The present college premises (net surface area: 4,150m2), designed by Patrick Berger in 1989, were built to take account of the old building giving onto the Boulevard de Chézy, creating an extension on the river side.
The Brittany National College of Architecture has been on the site adjacent to Rennes town center since 1990. It is located on a triangular plot bordered to the north by the Ille-et-Rance canal and by the island to the southwest. Of the former factory built in 1884, Patrick Berger preserved the administrative building and two entrance lodges on the edge of the courtyard giving onto the canal. The administration and the library are now located there. These elements form the basis of the architectural composition from which stems a subtle play on symmetry, alignment and complex articulation of spaces. The plot’s point is home to a garden supported on a rough granite retaining wall, which conceals the entrance to the underground parking lot. The diploma hall is inset into the far end of the wall to the south in the extension of the workshops. Its square form nestles into a concrete ramp which leads to a roof terrace. With an all-wood interior, this is lit by a skylight and a glass door giving onto the river.
The workshop buildings follow the sweep of the island. Constructed from wood with raw concrete cross-walls eight-meters high, they are placed on a granite base housing the parking lot. The specification of the iroko facing, in brass frames, makes it very imposing. The workshops each echo the same design. They are accessed by an external glass gangway. Their opaque doors frame slender glazed openings through which the workshops are visible. Once inside, the light plays between the great glassed bay giving onto the river, the skylight and the small bays which partly open onto the 19th-century building from the mezzanine.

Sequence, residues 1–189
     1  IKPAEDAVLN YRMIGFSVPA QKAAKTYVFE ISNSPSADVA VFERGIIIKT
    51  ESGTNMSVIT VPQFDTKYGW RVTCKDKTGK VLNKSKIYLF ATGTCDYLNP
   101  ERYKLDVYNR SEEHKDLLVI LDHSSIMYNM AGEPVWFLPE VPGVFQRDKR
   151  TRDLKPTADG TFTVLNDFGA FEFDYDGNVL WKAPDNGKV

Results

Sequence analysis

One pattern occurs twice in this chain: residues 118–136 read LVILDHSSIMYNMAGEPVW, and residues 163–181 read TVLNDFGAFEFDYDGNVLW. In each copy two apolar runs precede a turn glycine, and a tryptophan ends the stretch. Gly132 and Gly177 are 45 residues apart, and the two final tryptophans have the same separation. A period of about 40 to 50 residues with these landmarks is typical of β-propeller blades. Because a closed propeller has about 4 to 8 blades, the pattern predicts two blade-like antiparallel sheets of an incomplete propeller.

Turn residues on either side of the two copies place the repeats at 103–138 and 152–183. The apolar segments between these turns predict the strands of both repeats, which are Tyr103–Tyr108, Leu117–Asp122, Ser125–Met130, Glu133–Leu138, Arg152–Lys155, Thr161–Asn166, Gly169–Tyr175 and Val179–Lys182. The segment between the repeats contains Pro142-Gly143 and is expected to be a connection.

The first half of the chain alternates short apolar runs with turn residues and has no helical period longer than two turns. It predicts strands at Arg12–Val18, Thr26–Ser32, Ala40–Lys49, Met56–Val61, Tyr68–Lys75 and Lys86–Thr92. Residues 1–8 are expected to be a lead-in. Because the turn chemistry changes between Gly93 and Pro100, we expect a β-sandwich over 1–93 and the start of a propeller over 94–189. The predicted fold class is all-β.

At the opposite end to the diploma hall, which backs onto the administrative building, the model studio, glazed on three sides, illustrates the open plan with its roof, the wooden beams of which rest on four inset metal posts.
The great hall, running diagonal to the 19th-century building, offsets the symmetrical composition of the project. It rejoins the workshops building passing six workshops on the left and four on the right. There are two classrooms at the meeting point which frame a glassed bay giving onto the river. A ramp leads back to the workshops level, raised up on top of the parking lot.
Entirely glassed on its western side and the ground floor to the east, the walls draw the eye across the project. The roof supported on four posts enables a double wall to be suspended inside which fits a staircase linked to a footbridge. The overhang continues into a concrete gateway which frames the glass wall opposite.
Using wood, concrete and granite, Patrick Berger favors a sober style to demonstrate materials and light. His project is gradually revealed through the dissociation of moving parts, and demonstrates a reserved architecture.